Antimicrobial resistance of Streptococcus pneumoniae and Haemophilus influenzae isolated from children with community-acquired respiratory tract infections in Central Poland
ABSTRACT Resistance to commonly used antimicrobial agents among the key respiratory pathogens is increasing worldwide and therefore a rational choice of an empirical treatment requires knowledge of both global and local resistance patterns. The susceptibility of 185 Streptococcus pneumoniae and 169 Haemophilus influenzae isolates collected from January 1999 to May 2002 at the Children's Memorial Health Institute, Warsaw, Poland, from 351 children with community-acquired respiratory tract infections (RTIs) has been determined. Of S. pneumoniae isolates, 84% were susceptible to penicillin, 91% to cefaclor, 95% to cefuroxime, 98% to cefotaxime, 79% to erythromycin, 46% to co-trimoxazole, 82% to clindamycin and 59% to tetracycline. The majority (83%) of erythromycin-resistant isolates tested carried the erm(B) gene, conferring the MLS(B) phenotype. All tetracycline-resistant S. pneumoniae strains analysed were tet(M) positive and tet(O) negative. A total of 24% of H. influenzae isolates were beta-lactamase-positive. H. influenzae susceptibility to amoxicillin/clavulanate, cefaclor, cefuroxime, azithromycin, tetracycline and co-trimoxazole was 100, 89, 94, 96, 96 and 43%, respectively.
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ABSTRACT: A collection of 185 Streptococcus pneumoniae isolates was tested for their susceptibility to antipneumococcal drugs, with a focus on the distribution of tetracycline resistance determinants tet(M) and tet(O). Resistance patterns were compared with established correlates of multidrug resistance, and tetracycline-resistant isolates were tested for clonality and allelic variation within tet(M). Resistance to tetracyclines, penicillins and macrolides were all strongly related to multidrug resistance. Over one-quarter of the strains were tetracycline resistant, all via the tet(M)-mediated mechanism. Restriction fragment length polymorphism analysis revealed a high degree of allelic variation within tet(M) and gave evidence of a clonal and horizontal spread of selected alleles. A tet(M) variant that emerged with the onset of epidemic multidrug-resistant strains was replacing old alleles in the population.International Journal of Antimicrobial Agents 03/2006; 27(2):159-64. DOI:10.1016/j.ijantimicag.2005.10.003 · 4.26 Impact Factor
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ABSTRACT: The resistance of Helicobacter pylori to antimicrobials, known to be increasing in many countries, is an important factor compromising the efficacy of eradication therapy. Therefore, our study aimed at analysing the current susceptibility status of H. pylori in Poland. A total of 337 H. pylori isolates were cultured from children (N=179) and adults (N=158) from various regions of the country from January 2001 to December 2004. All strains were susceptible to amoxicillin and tetracycline. The overall resistance to clarithromycin (CL) was 28%, but there were significant differences between the centres (ranging from 0% to 33%) and between child and adult isolates (28% versus 15%, respectively; P=0.01) for primary a resistance. Altogether, 46% of H. pylori isolates were resistant to metronidazole (MTZ) and 20% of isolates were simultaneously resistant to CL and MTZ.International Journal of Antimicrobial Agents 10/2005; 26(3):230-4. DOI:10.1016/j.ijantimicag.2005.06.015 · 4.26 Impact Factor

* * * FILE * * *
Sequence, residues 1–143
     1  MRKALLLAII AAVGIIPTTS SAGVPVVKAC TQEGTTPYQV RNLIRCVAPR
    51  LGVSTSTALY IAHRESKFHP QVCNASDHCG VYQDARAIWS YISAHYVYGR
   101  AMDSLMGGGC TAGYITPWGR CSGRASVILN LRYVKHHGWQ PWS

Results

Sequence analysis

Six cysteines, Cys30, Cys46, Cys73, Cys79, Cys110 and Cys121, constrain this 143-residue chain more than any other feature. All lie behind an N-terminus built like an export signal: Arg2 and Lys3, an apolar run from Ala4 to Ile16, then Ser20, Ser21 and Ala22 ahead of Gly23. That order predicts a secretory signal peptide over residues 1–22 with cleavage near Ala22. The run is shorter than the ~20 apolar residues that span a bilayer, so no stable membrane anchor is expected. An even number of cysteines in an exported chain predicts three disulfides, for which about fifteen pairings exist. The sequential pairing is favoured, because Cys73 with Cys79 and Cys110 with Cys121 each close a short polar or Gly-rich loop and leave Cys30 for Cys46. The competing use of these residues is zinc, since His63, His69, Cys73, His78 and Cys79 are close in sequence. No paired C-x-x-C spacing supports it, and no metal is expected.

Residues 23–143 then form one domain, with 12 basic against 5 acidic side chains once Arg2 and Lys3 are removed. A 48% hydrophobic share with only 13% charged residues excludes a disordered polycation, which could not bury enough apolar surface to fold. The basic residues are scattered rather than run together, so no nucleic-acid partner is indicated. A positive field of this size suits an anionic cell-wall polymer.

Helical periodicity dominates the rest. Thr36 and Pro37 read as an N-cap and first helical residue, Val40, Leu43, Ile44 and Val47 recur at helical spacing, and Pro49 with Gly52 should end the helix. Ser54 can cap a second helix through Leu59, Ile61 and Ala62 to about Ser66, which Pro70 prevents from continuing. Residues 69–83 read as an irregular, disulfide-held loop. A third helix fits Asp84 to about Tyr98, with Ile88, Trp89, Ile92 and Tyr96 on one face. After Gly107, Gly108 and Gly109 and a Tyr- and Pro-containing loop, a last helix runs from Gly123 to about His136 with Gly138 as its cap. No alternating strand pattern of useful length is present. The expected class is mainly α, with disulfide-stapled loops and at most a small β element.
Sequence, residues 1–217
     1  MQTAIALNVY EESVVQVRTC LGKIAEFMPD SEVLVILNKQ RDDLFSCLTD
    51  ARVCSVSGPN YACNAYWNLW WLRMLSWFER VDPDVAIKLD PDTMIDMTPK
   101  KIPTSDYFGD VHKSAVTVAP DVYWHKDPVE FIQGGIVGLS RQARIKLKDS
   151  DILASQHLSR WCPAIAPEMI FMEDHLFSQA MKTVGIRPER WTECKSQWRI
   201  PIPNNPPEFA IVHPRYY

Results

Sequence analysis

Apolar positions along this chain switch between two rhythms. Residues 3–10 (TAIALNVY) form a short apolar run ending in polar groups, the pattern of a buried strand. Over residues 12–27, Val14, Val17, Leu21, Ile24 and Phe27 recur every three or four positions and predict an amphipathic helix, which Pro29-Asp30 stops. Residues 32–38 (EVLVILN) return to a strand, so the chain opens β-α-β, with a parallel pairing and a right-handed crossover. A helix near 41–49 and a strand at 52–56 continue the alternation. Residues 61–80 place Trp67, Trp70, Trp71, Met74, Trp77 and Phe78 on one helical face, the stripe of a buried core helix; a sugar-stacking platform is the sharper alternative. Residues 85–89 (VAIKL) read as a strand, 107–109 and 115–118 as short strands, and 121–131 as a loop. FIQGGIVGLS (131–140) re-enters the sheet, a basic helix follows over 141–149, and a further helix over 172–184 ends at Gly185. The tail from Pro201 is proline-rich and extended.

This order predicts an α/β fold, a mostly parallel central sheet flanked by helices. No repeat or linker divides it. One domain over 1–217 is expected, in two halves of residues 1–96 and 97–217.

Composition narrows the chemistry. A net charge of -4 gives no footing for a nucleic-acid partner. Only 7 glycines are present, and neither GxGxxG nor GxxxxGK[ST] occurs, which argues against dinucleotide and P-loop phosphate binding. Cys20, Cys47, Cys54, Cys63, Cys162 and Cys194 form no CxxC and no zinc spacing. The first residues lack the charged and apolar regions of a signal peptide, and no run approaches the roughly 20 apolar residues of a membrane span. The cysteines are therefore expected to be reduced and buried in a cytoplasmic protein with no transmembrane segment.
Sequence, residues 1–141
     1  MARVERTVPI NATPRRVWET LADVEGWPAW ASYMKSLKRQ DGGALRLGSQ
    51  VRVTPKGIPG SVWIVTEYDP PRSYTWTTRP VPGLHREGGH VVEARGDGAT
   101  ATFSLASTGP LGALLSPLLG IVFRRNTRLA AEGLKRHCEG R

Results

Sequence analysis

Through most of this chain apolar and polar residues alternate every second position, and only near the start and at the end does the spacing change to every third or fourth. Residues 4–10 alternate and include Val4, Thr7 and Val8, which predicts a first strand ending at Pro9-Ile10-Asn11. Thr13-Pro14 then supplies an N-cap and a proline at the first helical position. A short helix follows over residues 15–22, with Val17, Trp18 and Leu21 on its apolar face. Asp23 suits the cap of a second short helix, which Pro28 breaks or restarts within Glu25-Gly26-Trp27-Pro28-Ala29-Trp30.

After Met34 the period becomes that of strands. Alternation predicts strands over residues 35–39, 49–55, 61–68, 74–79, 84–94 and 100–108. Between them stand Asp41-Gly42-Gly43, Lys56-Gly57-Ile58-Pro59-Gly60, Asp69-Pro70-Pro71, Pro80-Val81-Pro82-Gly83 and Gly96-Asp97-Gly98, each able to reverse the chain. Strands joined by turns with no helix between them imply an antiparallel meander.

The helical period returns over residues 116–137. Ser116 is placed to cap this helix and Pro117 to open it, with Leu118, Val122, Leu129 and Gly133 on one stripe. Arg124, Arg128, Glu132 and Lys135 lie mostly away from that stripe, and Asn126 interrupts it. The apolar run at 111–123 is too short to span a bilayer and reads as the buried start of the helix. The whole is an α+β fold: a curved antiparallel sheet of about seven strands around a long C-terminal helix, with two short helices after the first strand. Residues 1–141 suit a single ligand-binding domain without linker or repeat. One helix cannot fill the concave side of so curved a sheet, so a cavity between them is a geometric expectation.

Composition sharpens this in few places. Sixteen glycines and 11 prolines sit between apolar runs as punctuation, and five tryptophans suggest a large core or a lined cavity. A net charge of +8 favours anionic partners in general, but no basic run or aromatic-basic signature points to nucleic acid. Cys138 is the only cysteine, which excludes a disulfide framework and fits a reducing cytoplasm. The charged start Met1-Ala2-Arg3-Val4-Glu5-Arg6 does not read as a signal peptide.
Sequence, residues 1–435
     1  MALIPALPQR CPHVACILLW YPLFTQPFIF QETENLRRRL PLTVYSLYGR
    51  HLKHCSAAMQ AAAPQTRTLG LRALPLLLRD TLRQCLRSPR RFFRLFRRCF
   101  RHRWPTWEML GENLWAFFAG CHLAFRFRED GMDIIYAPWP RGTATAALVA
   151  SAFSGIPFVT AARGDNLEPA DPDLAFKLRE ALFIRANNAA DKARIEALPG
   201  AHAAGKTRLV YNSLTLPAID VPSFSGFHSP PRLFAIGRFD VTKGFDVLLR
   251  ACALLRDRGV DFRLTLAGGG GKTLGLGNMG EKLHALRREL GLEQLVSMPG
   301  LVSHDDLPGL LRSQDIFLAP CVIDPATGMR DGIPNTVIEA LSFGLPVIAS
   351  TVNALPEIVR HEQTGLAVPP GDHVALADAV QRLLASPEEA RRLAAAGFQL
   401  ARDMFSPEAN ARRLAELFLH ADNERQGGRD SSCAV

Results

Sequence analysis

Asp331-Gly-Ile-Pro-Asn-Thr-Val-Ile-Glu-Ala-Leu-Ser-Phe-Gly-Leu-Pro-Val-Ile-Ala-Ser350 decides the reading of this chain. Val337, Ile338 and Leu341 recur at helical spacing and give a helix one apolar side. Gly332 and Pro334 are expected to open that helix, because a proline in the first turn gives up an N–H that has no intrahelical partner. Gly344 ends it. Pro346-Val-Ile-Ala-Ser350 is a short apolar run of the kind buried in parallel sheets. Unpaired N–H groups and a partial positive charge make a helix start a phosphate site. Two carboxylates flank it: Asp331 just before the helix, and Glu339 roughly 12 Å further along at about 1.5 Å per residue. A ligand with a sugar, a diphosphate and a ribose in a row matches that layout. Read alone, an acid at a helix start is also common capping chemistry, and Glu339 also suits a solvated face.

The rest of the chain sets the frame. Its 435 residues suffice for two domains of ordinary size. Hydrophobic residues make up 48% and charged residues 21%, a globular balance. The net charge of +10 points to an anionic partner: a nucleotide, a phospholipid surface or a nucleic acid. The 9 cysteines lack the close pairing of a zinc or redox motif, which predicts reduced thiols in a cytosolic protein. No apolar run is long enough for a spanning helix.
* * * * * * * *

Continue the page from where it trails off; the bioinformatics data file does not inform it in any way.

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ABSTRACT: New data on antibiotic susceptibility of common respiratory pathogens in Poland create an opportunity to modify the current guidelines for antibiotic therapy known as “Rekomendacje 2003”. The new guidelines should be prepared according to recent principles of preparation and presentation of diagnostic and therapeutic guidelines. In viral infections, i.e. the common cold, acute bronchitis, and bronchiolitis, principles of carefull care and symptomatic treatment such as analgesia and antypyrexia should be prepared and presented. In streptococcal tonsillitis shorter alternatives to 10-day penicillin therapy with amoxicillin or cephalosporins should be offered. In acute otitis media and acute rhinosinusis, which are initially viral nasopharyngeal infections with overimposed bacterial superinfections, the duration of the “watchfull waiting” strategy should be precisely defined. The increasing antibiotic resistance of Streptococcus pneumoniae requires increasing the single doses of betalactam antibiotics and of the daily dose to overcome resistance and simultaneously allows decreasing the frequency of antibiotic administration and shortening the duration of therapy. The increase in the percentage of betalactamase-producing Haemophilus influenzae requires administration of amoxicillin + clavulanate in a new proportion of 14:1–16:1. resulting from the high dose of amoxicillin. The principles of antibiotic substitution in case of allergy to betalactams should be modified. In non-immediate allergy for penicillins cephalosporins may be an alternative. In the case of immediate allergy to any betalactam or nonimmediate allergy to all betalactams, macrolides are an appriopriate subsitute.Pediatria polska 04/2007; 82(4):269-283. DOI:10.1016/S0031-3939(07)70400-6